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Open-File Report 2011-1010

Project Plan—Surficial Geologic Mapping and Hydrogeologic Framework Studies in the Greater Platte River Basins (Central Great Plains) in Support of Ecosystem and Climate Change Research

By Margaret E. Berry, Scott C. Lundstrom, Janet L. Slate, Daniel R. Muhs, David A. Sawyer, and Darren R. Van Sistine

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The Greater Platte River Basin area spans a central part of the Midcontinent and Great Plains from the Rocky Mountains on the west to the Missouri River on the east, and is defined to include drainage areas of the Platte, Niobrara, and Republican Rivers, the Rainwater Basin, and other adjoining areas overlying the northern High Plains aquifer. The Greater Platte River Basin contains abundant surficial deposits that were sensitive to, or are reflective of, the climate under which they formed: deposits from multiple glaciations in the mountain headwaters of the North and South Platte Rivers and from continental ice sheets in eastern Nebraska; fluvial terraces (ranging from Tertiary to Holocene in age) along the rivers and streams; vast areas of eolian sand in the Nebraska Sand Hills and other dune fields (recording multiple episodes of dune activity); thick sequences of windblown silt (loess); and sediment deposited in numerous lakes and wetlands. In addition, the Greater Platte River Basin overlies and contributes surface water to the High Plains aquifer, a nationally important groundwater system that underlies parts of eight states and sustains one of the major agricultural areas of the United States. The area also provides critical nesting habitat for birds such as plovers and terns, and roosting habitat for cranes and other migratory birds that travel through the Central Flyway of North America. This broad area, containing fragile ecosystems that could be further threatened by changes in climate and land use, has been identified by the USGS and the University of Nebraska-Lincoln as a region where intensive collaborative research could lead to a better understanding of climate change and what might be done to adapt to or mitigate its adverse effects to ecosystems and to humans. The need for robust data on the geologic framework of ecosystems in the Greater Platte River Basin has been acknowledged in proceedings from the 2008 Climate Change Workshop and in draft reports by researchers developing a multidisciplinary science plan for the Greater Platte River Basin.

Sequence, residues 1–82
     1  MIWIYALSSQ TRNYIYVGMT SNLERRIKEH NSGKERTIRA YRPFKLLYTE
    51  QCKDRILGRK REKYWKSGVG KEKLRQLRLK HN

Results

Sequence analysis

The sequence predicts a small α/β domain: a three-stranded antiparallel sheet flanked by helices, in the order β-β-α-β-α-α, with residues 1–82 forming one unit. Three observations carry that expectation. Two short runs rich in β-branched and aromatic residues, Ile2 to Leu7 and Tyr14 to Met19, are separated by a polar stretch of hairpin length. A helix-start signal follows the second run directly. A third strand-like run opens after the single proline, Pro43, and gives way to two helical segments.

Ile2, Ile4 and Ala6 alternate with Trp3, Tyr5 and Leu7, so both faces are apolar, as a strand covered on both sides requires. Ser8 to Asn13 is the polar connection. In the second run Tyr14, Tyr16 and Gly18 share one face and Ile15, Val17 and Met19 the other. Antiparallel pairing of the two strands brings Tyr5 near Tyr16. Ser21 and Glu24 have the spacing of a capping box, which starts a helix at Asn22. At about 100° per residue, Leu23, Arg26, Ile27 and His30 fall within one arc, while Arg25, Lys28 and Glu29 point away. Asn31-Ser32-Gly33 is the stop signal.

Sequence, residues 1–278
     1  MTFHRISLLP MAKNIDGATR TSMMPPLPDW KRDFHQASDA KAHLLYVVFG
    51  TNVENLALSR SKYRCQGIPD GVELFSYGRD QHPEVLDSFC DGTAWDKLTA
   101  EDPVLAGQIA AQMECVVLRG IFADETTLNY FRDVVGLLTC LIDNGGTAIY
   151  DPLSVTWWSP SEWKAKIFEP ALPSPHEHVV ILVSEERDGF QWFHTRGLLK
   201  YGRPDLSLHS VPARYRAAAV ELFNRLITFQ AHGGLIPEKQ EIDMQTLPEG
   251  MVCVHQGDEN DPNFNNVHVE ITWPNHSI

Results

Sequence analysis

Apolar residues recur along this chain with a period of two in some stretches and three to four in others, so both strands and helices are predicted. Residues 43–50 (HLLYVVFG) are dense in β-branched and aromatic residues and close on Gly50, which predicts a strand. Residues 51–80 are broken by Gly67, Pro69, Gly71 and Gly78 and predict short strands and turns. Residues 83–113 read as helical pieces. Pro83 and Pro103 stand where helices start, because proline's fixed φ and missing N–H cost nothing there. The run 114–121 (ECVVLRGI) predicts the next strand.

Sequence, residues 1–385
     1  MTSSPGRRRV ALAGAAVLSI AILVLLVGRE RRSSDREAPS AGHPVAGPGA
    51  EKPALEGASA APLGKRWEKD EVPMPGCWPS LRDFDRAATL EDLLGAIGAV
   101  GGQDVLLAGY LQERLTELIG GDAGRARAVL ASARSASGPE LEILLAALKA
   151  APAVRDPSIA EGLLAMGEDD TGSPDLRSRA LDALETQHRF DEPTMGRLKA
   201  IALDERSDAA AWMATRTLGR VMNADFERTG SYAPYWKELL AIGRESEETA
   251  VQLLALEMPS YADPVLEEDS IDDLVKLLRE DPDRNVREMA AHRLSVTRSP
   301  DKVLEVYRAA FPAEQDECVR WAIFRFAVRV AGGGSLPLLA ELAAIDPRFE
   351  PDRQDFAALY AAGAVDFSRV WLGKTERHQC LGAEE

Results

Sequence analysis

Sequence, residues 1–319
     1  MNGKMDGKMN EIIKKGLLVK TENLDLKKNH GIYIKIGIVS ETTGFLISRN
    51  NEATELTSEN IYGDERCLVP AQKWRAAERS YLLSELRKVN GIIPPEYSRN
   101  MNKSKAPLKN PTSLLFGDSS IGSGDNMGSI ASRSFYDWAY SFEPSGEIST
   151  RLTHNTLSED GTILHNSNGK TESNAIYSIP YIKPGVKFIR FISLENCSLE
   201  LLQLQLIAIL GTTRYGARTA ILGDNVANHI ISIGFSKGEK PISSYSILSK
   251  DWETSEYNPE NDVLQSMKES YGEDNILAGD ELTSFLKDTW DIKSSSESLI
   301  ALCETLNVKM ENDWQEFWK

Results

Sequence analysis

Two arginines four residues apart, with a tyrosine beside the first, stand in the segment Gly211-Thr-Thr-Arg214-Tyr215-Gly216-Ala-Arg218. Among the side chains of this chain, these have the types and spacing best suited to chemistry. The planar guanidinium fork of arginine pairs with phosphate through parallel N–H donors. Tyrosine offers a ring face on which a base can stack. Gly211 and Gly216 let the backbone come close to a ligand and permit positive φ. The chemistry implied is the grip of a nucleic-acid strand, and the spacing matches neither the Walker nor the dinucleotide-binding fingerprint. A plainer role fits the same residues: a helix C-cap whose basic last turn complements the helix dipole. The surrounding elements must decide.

First posted February 14, 2011

For additional information contact:

USGS Geology and Environmental Change Science Center
Box 25046, Mail Stop 980
Denver, CO 80225

http://esp.cr.usgs.gov/

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Suggested citation:

Berry, M.E., Lundstrom, S.C., Slate, J.L., Muhs, D.R., Sawyer, D.A., and Van Sistine, D.R., 2011, Project plan—Surficial geologic mapping and hydrogeologic framework studies in the Greater Platte River Basins (Central Great Plains) in support of ecosystem and climate change research: U.S. Geological Survey Open-File Report 2011–1010, 34 p.



Contents

Abstract

Introduction

Project Objectives

Strategy and Approach

Surficial Geologic Mapping Studies

Methodology

Communication Plan

Subtask: South Platte River Corridor, Eastern Colorado

Geologic Setting

Mapping and Research Plan

Subtask: Niobrara National Scenic River, Nebraska

Geologic Setting

Mapping and Research Plan

Subtask: Crescent Lake Wildlife Refuge Area, Nebraska

Geologic Setting

Mapping and Research Plan

Subtask: Eolian Sediments in the Greater Platte River Basins, Great Plains

Objectives

Methodology

Research Plan

Communication Plan

Hydrogeologic Framework Studies

Republican River, Nebraska and Kansas

Geologic Setting

Mapping and Research Plan

Communication Plan

References Cited in Text

Appendix—Geologic Map Coverage Index

Geologic Map Publications

Multi-State

1:5,000,000

1:1,000,000

1:500,000

Colorado

1:500,000

1:250,000

1:100,000

In progress

1:24,000

In progress

Other

Kansas

1:500,000

County

In progress

1:24,000 (in progress)

Other

Nebraska

1:250,000

1:100,000

In progress

1:62,500

1:48,000

1:24,000

In progress

Other

South Dakota

1:500,000

1:100,000 (in progress)

1:62,500

Wyoming

1:1,000,000

1:500,000

1:250,000

1:100,000

In progress

1:48,000

1:24,000

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